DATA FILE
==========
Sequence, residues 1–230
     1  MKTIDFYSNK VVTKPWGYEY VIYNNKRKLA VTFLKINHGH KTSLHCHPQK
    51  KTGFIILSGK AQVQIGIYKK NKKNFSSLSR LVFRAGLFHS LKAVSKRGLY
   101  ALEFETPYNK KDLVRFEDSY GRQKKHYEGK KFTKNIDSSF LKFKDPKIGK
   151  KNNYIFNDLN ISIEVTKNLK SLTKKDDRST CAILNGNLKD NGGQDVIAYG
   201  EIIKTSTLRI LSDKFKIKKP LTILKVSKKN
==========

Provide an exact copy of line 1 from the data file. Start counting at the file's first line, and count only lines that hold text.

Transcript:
Sequence, residues 1–230